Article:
Home Politics Elections UPDATED: A who’s who in the Trump administration

UPDATED: A who’s who in the Trump administration

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Editor’s Note: The following is an updated list of President-elect Trump’s choices for his presidential Cabinet. The Cabinet consists of Vice President Mike Pence and 15 members who serve as heads of executive departments. 

Jan. 4:

Director of National Intelligence

Former Sen. Daniel Coats, R-Indiana, is Trump’s pick for the director of national intelligence position. Coats was the ambassador to Germany during the G.W. Bush administration and served in the Senate for 16 years.

Coats is a member of the Intelligence and Armed Services committees, where he has pushed for heavy sanctions in response to Russia’s “territorial aggression,” annexing part of Crimea and backing separatists militarily in the Ukraine. The former senator was one of the individuals to be banned from Russia when President Vladimir Putin responded to the 2014 U.S. and European sanctions.

While serving as the German ambassador, Coats had a significant role in explaining the CIA’s mistake of kidnapping a German citizen on the assumption that he was a terrorist to the German government.

Coats supported a cyber bill that expanded cyber threat data-sharing between the government and private sector, which critics claimed would give the government more access to U.S. citizens’ personal data. He also voted against cutting the NSA’s bulk-phone-records collection program and sponsored an amendment that would strengthen the role of the counterintelligence office, which tries to wean out insider threats like Edward Snowden and tracks foreign spies.

“In the wake of the Snowden leaks, it is more important than ever for the White House, the director of national intelligence and the Senate Intelligence Committee to work together to strengthen our counterintelligence practices,” he said. “With Russia trying to resurrect the Cold War and China growing more brazen, a mistake of this magnitude cannot be repeated.”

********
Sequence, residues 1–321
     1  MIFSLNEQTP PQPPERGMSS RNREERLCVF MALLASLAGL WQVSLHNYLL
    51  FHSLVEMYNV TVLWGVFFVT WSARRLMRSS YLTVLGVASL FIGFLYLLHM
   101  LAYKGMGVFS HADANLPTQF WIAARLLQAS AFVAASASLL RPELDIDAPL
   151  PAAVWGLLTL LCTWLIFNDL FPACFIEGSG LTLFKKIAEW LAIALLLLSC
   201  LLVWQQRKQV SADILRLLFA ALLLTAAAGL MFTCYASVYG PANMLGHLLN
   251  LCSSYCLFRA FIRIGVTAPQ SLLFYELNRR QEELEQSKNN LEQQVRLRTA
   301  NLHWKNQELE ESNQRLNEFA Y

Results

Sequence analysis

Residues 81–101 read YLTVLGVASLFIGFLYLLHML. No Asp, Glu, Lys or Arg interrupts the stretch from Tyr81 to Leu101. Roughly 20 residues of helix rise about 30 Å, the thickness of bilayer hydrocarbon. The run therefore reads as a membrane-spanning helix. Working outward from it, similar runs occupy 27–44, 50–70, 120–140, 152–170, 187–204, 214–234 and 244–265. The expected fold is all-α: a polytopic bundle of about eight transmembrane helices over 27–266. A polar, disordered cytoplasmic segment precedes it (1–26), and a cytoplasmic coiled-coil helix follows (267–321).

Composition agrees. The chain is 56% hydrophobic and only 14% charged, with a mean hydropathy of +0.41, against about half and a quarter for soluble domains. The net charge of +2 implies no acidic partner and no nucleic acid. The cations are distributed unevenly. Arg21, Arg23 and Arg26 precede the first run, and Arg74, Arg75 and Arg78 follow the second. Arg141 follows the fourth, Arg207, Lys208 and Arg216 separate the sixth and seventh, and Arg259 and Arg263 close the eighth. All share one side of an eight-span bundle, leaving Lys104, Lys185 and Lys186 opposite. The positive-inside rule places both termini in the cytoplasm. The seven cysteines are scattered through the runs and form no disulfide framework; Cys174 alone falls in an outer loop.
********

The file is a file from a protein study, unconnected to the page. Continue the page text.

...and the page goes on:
Almost every one of Trump’s Cabinet picks supported him in the beginning of the presidential race or at least near the end, but Coats did not support Trump. Instead, he put his vote toward Sen. Marco Rubio, R-Florida.

Critics of the president-elect, like Sen. John McCain, R-Arizona, have praised the choice of Coats for the director position.

“He’s one of my favorite people,” McCain said. “I think he’s so well-qualified.”

U.S. Trade Representative

Robert Lighthizer has been chosen once again to fulfill his role as deputy trade representative. Lighthizer, who is a partner at the law firm Skadden, Arps, Slate, Meagher & Flom LLP, was the trade representative for the Reagan administration.

As a lawyer, he focused on trade litigation, policy advice and legislative initiatives for large U.S. corporations and coalitions. According to the Chicago Tribune, Lighthizer is a “self-proclaimed Hamiltonian” and often refers back to when “steep import tariffs helped shield infant industries from cheaper foreign competition.”

In the 1980s, he defended U.S. companies from allegedly unfair competition. He also served as lead counsel on anti-dumping cases, including one in 2015, that harmed American producers. Lighthizer has consistently and publicly criticized China for its misbehavior and breaking of World Trade Organization rules, such as not opening its own market to international competition like it promised in 2001.

In 2010, he advocated for stricter and more aggressive stance on combating China’s misdemeanors. His stance does not venture far from that of the Obama administration. President Obama brought 24 cases to the WTO, 15 of which were against China for alleged offenses like subsidizing tire exports.

Lighthizer will continue holding China and other countries accountable by continuing the work of the Obama administration and enforcing the Trump administration’s new trade and tariff ideas.

 

Dec. 16:

Secretary of State

On Dec. 13, President-elect Donald Trump announced his pick for secretary of state: Rex W. Tillerson. Tillerson is the CEO of ExxonMobil, the world’s largest publicly traded international oil and gas company.

Tillerson will have to be confirmed by the Senate, an issue the New York Times wrote may be a “bruising confirmation fight” for Trump. Objections to Tillerson’s appointment come from both parties. Complaints focus on ExxonMobil’s connections to Russian President Vladimir Putin. Tillerson has had a business relationship with Russia for 20 years. In 2013 Rutin awarded him the Russian Order of Friendship.

In the event of his confirmation, Tillerson’s new position may have financial implications for his company. At the moment, it has billions of dollars in oil contracts, mostly in Moscow. The contracts can only go forward if the U.S. lifts sanctions against Russia. Tillerson, according to the New York Times, has been skeptical of the sanctions.